By Jasmine Ng
Aug. 7 (Bloomberg) — Tugboat engineers at Australia’s Port Hedland called off an intended strike that threatened exports from the terminal which ships about a quarter of the world’s seaborne iron ore cargoes.
The Australian Institute of Marine & Power Engineers didn’t serve the action notice within the required period and had to withdraw it, union official Andrew Williamson said today. The union will continue negotiations with Teekay Shipping (Australia) Pty and may ballot to strike again, he said. Teekay is contracted by BHP Billiton Ltd., the world’s biggest mining company, to tow vessels at the port.
Stoppages would threaten exports by companies including BHP and Fortescue Metals Group Ltd. Iron ore is Australia’s biggest export earner and disruptions could cost suppliers about A$100 million ($93 million) a day, BHP estimated in May. Shipments through Port Hedland represented 55 percent of the country’s iron ore exports last year and more than 80 percent of cargoes go to China, port and government data show.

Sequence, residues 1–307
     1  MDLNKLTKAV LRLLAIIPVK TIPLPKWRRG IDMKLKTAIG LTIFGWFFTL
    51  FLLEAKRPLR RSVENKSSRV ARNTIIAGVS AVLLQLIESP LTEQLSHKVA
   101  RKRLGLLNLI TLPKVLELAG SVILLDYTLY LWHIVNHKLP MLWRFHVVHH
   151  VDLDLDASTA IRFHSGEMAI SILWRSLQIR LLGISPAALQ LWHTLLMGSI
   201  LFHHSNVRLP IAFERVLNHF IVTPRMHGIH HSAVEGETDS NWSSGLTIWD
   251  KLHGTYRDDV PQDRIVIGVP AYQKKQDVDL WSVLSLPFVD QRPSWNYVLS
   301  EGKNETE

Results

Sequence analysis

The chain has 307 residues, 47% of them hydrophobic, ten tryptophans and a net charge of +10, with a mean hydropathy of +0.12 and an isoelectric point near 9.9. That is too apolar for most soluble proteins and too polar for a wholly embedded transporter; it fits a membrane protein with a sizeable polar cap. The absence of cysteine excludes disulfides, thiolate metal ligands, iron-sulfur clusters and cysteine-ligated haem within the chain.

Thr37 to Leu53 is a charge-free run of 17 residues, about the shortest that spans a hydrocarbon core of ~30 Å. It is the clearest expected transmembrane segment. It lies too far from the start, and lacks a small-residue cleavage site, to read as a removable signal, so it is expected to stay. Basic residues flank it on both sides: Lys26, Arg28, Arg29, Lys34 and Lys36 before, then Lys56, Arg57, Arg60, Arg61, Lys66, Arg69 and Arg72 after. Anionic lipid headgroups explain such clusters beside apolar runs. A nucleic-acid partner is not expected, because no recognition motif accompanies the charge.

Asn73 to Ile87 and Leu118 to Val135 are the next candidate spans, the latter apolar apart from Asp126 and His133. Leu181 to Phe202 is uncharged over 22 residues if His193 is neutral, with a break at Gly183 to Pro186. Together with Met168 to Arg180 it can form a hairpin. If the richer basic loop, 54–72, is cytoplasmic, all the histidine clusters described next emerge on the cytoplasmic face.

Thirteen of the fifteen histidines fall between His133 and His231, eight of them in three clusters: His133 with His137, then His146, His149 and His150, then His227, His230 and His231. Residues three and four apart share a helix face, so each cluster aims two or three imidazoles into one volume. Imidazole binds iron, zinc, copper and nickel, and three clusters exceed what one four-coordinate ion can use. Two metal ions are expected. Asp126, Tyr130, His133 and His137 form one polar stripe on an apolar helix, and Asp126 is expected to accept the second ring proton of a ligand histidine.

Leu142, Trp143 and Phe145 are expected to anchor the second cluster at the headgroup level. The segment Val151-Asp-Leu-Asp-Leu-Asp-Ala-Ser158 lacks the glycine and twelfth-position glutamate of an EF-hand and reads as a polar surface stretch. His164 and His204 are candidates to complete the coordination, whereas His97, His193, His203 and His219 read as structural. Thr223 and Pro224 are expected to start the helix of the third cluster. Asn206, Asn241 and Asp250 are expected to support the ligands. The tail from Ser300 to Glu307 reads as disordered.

“There was a technical glitch with the industrial action notices where in fact they should have been served within 30 days,” Williamson said by phone. “It went one extra day to 31 days inadvertently. That requires it to be withdrawn.”
Teekay said yesterday that the engineers had notified it that they intended to stop for four hours each on Aug. 9, Aug. 11 and Aug. 13. BHP said it believed that the action was unlawful and Teekay said it would seek an injunction to halt it.
–With assistance from Phoebe Sedgman and David Stringer in Melbourne.
Copyright 2014 Bloomberg.